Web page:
Computer Aided Design in Archaeology.
Nowadays most large architectural projects are using some form of CAD software for Computer Aided Design. As with most other endeavors in the new digital world, a variety of architectural software is available.
We faced the same decision as other architects, architectural historians, and archaeologists, which CAD software to use? Some archaeology projects, such as at Copan (Honduras), selected the software their sponsoring universities happened already to be using. This makes sense, except when anyone wants to exchange information. If the old, in-house legacy software is not compatible, then it is difficult to coordinate with other scholars.
Together with architect Daniel Hellmuth, we reviewed all the CAD products available in that time. We sought to ascertain which was the best, and most practical to use at a Maya archaeology site. Both Hellmuths (Daniel and Nicholas) have plenty of experience with architecture. Daniel studied computer aided design at Switzerland's equivalent of MIT, in Zurich. Nicholas studied architecture at Harvard. Both Hellmuth's have architecture in their genes, since their father George F. Hellmuth was the founder of Hellmuth, Yamasaki, and Leinweber, and subsequently founder of Hellmuth, Obata, + Kassabaum (HOK Architects). This company has over 1000 architects in offices throughout the world. Although neither Daniel nor Nicholas work for HOK, they sure grew up in an architectural arena. Another brother, George W., however, is an executive at the Washington D.C. office of HOK.
From our architectural perspective, we selected AutoCad for several key reasons. 1st, AutoCad is simply the best CAD program in sense of international compatibility. Virtually all the add-on aftermarket products are oriented to AutoCad.
2nd, AutoCad is taught at schools throughout the world. This means that scholars anywhere in the world can handle AutoCad. In other words, if you use a CAD product other than AutoCad, unless it is directly translatable into AutoCad, you are eliminating most opportunities for cooperative interchange with other scholars. Additionally, if you use another software it will be more difficult to find students trained to handle it. And, once you learn another software, you tend to be at a dead end--sort of like using Note Bene word processing software, or XYWrite. They were great programs, but all dead end because WordPerfect and Microsoft Word clobbered them in compatibility.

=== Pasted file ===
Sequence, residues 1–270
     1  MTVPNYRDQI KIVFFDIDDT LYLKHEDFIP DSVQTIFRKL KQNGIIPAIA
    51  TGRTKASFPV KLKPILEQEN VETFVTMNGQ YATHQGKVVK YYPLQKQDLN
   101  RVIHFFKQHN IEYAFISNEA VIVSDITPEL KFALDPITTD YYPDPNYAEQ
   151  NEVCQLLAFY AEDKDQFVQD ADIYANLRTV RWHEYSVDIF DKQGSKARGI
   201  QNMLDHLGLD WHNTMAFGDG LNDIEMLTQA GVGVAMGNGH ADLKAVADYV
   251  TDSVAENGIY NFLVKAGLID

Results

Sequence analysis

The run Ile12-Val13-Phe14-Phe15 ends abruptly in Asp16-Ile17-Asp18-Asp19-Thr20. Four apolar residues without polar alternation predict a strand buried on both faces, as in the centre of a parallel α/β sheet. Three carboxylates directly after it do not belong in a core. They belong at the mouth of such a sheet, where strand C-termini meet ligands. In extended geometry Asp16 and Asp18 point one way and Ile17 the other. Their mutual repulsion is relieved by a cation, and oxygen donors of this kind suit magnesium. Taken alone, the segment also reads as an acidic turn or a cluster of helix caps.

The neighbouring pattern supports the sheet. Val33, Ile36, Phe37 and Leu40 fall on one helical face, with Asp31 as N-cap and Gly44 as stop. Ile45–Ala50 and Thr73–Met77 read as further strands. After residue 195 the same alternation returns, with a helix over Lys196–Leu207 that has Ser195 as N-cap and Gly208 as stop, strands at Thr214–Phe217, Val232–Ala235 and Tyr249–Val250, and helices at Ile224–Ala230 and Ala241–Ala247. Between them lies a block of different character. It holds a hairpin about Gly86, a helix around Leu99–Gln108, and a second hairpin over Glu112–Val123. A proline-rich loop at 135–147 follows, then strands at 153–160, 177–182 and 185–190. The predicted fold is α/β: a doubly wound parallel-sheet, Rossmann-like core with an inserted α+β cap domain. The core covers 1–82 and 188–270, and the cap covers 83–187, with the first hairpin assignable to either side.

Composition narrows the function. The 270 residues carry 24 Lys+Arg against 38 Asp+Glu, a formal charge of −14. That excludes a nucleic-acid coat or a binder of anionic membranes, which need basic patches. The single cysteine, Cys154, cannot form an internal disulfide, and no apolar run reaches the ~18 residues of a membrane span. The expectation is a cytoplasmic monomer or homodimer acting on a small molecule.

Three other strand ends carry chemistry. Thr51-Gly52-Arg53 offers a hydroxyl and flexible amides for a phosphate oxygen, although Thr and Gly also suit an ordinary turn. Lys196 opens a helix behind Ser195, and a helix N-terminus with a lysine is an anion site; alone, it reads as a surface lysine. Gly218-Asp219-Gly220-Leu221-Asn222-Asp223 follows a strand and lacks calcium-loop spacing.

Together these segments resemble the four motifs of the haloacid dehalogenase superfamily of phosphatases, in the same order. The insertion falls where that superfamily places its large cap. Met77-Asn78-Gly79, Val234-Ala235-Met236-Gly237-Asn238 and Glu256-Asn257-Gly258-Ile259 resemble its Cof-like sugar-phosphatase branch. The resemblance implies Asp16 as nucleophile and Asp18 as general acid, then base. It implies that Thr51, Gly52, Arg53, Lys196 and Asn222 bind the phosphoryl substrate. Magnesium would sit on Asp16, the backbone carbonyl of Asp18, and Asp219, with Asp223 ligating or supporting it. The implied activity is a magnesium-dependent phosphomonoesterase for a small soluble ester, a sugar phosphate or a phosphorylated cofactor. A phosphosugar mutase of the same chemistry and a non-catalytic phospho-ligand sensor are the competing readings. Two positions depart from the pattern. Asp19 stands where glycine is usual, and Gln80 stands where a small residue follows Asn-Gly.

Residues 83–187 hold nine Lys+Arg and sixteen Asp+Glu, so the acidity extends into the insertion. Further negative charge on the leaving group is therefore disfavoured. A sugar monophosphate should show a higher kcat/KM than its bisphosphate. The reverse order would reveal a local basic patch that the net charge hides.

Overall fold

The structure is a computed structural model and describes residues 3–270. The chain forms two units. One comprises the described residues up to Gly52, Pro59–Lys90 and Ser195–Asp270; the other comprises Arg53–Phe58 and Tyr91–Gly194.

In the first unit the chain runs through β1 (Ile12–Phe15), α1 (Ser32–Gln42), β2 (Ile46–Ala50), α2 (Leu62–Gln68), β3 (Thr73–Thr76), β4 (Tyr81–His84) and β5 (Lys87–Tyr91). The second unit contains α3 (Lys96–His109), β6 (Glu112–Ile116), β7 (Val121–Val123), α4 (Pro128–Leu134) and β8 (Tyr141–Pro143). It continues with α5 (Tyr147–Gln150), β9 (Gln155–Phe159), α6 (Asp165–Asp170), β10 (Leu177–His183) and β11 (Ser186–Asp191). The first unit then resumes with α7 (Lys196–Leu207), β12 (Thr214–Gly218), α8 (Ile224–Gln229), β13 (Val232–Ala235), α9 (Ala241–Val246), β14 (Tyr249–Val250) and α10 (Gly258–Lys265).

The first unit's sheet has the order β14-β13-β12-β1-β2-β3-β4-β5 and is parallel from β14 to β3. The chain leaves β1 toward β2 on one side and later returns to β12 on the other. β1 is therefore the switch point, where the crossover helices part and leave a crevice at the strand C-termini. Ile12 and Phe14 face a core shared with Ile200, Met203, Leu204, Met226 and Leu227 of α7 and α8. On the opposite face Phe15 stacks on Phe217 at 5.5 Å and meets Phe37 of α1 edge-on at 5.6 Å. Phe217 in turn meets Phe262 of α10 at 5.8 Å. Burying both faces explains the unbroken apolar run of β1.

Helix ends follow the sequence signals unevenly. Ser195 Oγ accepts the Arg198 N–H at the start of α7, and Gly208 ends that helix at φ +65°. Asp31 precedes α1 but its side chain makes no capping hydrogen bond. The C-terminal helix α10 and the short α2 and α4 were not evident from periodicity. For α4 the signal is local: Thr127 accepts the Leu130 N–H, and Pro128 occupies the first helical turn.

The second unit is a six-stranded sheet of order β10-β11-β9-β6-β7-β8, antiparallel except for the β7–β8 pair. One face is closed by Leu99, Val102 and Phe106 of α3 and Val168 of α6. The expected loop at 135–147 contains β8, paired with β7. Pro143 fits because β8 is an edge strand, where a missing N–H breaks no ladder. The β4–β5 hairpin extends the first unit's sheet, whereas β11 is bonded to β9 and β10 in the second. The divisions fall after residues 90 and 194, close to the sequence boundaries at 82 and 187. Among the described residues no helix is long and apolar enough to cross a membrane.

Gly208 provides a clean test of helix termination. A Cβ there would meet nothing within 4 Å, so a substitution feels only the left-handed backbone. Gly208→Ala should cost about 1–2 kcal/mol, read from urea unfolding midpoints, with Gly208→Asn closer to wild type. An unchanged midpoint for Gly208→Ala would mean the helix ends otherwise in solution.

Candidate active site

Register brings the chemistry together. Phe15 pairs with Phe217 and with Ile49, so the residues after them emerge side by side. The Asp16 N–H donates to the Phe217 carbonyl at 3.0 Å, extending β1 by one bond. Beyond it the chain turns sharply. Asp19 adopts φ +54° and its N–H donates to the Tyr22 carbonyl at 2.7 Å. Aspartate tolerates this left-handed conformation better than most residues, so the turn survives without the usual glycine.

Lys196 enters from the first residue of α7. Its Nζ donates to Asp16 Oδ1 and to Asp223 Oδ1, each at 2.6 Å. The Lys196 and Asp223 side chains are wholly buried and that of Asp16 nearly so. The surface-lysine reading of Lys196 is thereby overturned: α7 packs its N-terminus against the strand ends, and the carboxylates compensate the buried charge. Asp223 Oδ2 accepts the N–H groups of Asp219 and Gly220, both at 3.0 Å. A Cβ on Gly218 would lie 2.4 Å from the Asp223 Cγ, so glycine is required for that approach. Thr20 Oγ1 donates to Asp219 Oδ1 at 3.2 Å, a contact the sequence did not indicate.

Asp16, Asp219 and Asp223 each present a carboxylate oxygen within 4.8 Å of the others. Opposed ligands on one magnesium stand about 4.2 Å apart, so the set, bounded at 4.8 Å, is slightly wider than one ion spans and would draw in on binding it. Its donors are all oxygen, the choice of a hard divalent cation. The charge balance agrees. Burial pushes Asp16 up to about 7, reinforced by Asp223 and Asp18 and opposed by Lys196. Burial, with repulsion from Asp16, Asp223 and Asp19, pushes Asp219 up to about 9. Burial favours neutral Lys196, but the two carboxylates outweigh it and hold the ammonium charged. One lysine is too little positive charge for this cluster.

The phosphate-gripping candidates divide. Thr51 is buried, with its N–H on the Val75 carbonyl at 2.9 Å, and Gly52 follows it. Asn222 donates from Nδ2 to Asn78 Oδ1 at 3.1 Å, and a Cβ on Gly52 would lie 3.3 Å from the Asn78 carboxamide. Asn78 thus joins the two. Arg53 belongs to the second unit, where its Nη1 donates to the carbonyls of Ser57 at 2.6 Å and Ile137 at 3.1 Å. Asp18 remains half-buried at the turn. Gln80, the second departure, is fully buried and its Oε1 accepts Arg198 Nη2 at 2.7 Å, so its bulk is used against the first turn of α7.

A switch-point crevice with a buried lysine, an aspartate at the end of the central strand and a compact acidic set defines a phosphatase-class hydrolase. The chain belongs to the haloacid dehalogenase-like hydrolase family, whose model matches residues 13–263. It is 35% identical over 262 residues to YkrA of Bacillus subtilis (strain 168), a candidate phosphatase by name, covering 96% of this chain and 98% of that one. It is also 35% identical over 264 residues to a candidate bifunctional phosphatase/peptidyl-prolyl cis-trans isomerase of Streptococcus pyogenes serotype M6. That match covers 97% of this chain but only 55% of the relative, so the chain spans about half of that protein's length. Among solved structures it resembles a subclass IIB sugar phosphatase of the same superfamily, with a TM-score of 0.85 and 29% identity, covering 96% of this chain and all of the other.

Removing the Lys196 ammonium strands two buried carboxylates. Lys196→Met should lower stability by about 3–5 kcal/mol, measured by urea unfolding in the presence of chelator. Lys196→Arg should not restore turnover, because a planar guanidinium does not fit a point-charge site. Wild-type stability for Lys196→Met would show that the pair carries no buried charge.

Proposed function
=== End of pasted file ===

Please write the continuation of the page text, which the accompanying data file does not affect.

These were our reasons for selecting AutoCad several years ago. That was version 10 or 11, for DOS. Today FLAAR. has v. 14 for our Dell Pentium Pro machine.
FLAAR. initiated use of AutoCad in Maya archaeology about six years ago, indeed was the first project to install CAD actually at a Maya site. This was even before portable computers ran on batteries, so we had to transport an entire office-sized computer system out into a remote location, at the ruins of Santa Rosa Xtampak, Campeche, Mexico. We installed a 4500 watt electric generator to run the system.
The use of sophisticated hardware and software actually inside an 8th century palace in the jungle was considered so innovative that the Los Angeles TIMES wrote us up.
Now, many years later, we are expanding into Virtual Reality, hence our interest in applying the capabilities of Kinetix 3D Studio Max to Maya architecture.
Autodesk recognized FLAAR.'s dedication to the study of ancient Maya architecture and has generously made their software available to our research programs since 1991.
Design updated July16, 2008.